If you've relaxed your spelling standards because of the spell check feature on your computer, consider this: Schools are now teaching students how to spell words incorrectly - and inappropriate words, at that.
If you're wondering if this has anything to do with Common Core, which reeks of the inappropriate, it does.
Fourth grade students in Vermilion Parish, La. were given a homework assignment that included words like "Po Pimp" and "mobstaz," but school officials said the worksheet was age appropriate based on an education website affiliated with Common Core education standards.
This latest issue with common core curriculum came to light when parent Brittney Badeaux overheard her son saying words while doing his homework that shocked her.
"I try to instill values in my son," parent Brittney Badeaux told Fox News. "My goal is for him to ultimately to become a great man, a family man, a well-rounded man. And now my son wants to know what a pimp is."
Badeaux was helping her 9-year-old son with his homework when she heard him say the words "Po Pimp" and "mobstaz."
"I couldn't believe it at first - hearing him read it to me," she told Fox News. "So I looked at the paper and read the entire article. It was filled with Ebonics." (snip)
"It was really inappropriate for my child," Badeaux said. "He doesn't' know what a pimp or mobster is."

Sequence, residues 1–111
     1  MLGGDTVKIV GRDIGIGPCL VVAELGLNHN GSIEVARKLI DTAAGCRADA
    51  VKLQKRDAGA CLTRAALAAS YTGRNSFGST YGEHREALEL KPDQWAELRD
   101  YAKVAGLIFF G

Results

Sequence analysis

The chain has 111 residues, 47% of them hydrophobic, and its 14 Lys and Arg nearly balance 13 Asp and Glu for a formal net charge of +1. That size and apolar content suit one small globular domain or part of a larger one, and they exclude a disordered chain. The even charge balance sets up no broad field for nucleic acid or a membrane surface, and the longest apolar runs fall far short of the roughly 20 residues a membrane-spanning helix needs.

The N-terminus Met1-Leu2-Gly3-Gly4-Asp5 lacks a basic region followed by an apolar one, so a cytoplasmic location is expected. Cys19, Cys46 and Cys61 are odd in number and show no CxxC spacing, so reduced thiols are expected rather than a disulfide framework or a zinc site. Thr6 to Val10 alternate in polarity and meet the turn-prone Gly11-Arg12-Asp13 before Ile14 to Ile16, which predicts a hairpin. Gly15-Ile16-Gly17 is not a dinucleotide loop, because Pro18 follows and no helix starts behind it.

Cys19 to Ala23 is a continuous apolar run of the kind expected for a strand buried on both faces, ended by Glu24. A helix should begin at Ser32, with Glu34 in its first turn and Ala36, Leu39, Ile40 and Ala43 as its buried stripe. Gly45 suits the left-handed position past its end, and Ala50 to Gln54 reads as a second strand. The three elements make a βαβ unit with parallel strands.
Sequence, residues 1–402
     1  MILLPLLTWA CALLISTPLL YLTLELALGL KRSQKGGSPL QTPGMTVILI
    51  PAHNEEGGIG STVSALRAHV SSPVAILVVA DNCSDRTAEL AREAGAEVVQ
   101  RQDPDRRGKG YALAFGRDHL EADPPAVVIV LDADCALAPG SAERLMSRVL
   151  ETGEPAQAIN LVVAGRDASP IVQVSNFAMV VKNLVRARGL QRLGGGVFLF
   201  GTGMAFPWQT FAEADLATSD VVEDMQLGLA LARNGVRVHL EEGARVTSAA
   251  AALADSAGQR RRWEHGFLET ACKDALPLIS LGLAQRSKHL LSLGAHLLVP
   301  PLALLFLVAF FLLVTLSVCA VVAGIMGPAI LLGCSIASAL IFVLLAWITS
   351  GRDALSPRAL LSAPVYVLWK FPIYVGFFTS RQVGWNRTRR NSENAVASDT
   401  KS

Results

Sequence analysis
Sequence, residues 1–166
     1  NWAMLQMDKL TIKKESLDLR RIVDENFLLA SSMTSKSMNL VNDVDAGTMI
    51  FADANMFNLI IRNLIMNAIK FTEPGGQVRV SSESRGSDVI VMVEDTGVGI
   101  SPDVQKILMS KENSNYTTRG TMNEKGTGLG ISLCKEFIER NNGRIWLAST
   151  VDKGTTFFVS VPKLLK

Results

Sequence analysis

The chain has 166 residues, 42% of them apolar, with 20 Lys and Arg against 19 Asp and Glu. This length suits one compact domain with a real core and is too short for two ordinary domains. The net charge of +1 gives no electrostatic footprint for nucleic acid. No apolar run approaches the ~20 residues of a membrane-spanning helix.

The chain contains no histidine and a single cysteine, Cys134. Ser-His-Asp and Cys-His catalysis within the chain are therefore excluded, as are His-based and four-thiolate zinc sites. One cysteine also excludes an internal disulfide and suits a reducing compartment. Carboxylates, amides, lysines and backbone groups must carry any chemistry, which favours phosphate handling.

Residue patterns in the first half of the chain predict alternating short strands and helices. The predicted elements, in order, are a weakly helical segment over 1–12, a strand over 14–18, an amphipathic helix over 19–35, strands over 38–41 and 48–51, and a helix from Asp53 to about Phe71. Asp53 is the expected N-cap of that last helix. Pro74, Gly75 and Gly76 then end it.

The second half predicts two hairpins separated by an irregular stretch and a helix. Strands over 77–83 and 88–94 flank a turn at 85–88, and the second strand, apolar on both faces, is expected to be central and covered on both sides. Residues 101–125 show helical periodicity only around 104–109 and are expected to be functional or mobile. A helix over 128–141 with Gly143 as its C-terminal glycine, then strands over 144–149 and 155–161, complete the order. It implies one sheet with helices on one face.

She also took issue with the school sending home a worksheet that intentionally misspelled words.
"I try to teach him morals and respect and to speak correctly," she said. "It's hard for a fourth grader to understand Ebonics when you're trying to teach him how to spell and write correctly."
Naturally, Common Core's "standards" don't give a hint of any of this madness.
The Common Core State Standards for English Language Arts & Literacy in History/Social Studies, Science, and Technical Subjects ("the Standards") are the culmination of an extended, broad-based effort to fulfill the charge issued by the states to create the next generation of K-12 standards in order to help ensure that all students are college and career ready in literacy no later than the end of high school.
I'd say this fourth grade lesson was not putting Mrs. Badeaux's child on a path toward literacy. Although, they do say "no later than the end of high school," so perhaps there's still time!
The degradation of our society continues apace. But not to worry. It must be good. You know what the Democrats say: It's for the children.